Monday, August 30, 2010

Toxin Conjugates

Bio Synthesis extensive experience in peptide and oligonucleotide synthesis coupled to its work over the past years in the glycosides area would allow its staff to design the best compound to satisfy your needs as well as its effective preparation.

Toxin Conjugates
These conjugates consist of one of the several naturally occurring toxic peptides or proteins, e.g. ricin, cholera toxin and cone snail neurotoxin, cross-linked to a ligand, e.g. peptide, protein, oligonucleotide, oligosaccharide or their analogs, that specifically bind to certain cell receptors. Thus, the role of the ligand is to largely target the delivery of the toxin to those cells that express a specific receptor, while that of the toxin moiety is to interact with specific enzymes or cellular receptors and interfere with their normal functions.

Conjugation of Toxins with Peptide Ligands
Toxins can be conjugated to peptide ligands, such as peptide hormones, (somatostatin and bombesin), tumor-homing peptides or to proteins via a spacer which can have a disulfide bond that can be cleaved by reducing agents. The flexibility of the spacer can affect the toxin performance having a higher activity when linked by more flexible spacers. In some cases the toxins can be linked to certain antigen-specific antibodies to yield immunotoxins that are conjugates with significant potential in cancer therapy.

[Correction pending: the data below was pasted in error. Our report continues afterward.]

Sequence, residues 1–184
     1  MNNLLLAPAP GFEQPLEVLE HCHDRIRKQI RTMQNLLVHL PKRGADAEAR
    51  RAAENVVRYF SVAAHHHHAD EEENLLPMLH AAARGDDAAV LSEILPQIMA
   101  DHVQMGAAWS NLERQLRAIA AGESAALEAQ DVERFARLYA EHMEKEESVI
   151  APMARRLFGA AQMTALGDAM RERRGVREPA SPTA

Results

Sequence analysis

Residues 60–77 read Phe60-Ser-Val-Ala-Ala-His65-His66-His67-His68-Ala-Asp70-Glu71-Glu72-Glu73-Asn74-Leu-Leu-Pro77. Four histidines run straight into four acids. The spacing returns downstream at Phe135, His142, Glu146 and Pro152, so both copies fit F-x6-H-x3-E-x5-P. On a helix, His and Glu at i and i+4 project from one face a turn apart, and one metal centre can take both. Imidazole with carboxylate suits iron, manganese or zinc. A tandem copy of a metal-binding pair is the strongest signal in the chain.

Conjugation of Toxins with Oligonucleotides
In this case, the toxin is conjugated to an ODN sequence called an aptamer. Aptamers, like antibodies, can provide specific molecular recognition that is useful for diagnostic and therapeutic purposes. The methodology used to produce toxin-aptamer conjugates is in several aspects similar to that used to produce ODN-peptide conjugates.

Conjugation of Toxins with Oligosaccharides
Another family of compounds to which toxins can be conjugated is oligosaccharides. At the present the main application of oligosaccharide-toxin conjugates is the vaccine area to elicit an immune response against the oligosaccharide moiety of the conjugate. Different from peptide and oligonucleotide conjugates and in order to stimulate the correct immune response the structural requirements for linking of the oligosaccharide to the toxin are more stringent. Thus, this type of conjugations would require chemical procedures designed to satisfy those structural requirements.

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